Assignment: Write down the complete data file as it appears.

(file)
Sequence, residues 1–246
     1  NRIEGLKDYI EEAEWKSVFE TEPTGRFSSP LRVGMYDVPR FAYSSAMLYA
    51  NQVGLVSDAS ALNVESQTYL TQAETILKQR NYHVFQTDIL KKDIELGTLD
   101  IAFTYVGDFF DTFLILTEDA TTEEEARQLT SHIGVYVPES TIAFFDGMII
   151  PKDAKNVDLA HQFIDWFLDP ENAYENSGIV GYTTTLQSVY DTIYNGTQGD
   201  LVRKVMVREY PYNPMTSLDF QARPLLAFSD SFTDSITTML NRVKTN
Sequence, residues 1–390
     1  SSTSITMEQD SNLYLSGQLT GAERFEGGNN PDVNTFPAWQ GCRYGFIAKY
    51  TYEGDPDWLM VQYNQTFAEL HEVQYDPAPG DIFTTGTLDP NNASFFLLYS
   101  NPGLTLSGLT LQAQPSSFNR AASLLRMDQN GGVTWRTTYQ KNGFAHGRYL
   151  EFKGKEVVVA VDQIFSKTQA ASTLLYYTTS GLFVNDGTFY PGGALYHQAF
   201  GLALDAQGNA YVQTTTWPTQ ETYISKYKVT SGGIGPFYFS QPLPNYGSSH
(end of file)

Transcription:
Sequence, residues 1–246
     1  NRIEGLKDYI EEAEWKSVFE TEPTGRFSSP LRVGMYDVPR FAYSSAMLYA
    51  NQVGLVSDAS ALNVESQTYL TQAETILKQR NYHVFQTDIL KKDIELGTLD
   101  IAFTYVGDFF DTFLILTEDA TTEEEARQLT SHIGVYVPES TIAFFDGMII
   151  PKDAKNVDLA HQFIDWFLDP ENAYENSGIV GYTTTLQSVY DTIYNGTQGD
   201  LVRKVMVREY PYNPMTSLDF QARPLLAFSD SFTDSITTML NRVKTN
Sequence, residues 1–390
     1  SSTSITMEQD SNLYLSGQLT GAERFEGGNN PDVNTFPAWQ GCRYGFIAKY
    51  TYEGDPDWLM VQYNQTFAEL HEVQYDPAPG DIFTTGTLDP NNASFFLLYS
   101  NPGLTLSGLT LQAQPSSFNR AASLLRMDQN GGVTWRTTYQ KNGFAHGRYL
   151  EFKGKEVVVA VDQIFSKTQA ASTLLYYTTS GLFVNDGTFY PGGALYHQAF
   201  GLALDAQGNA YVQTTTWPTQ ETYISKYKVT SGGIGPFYFS QPLPNYGSSH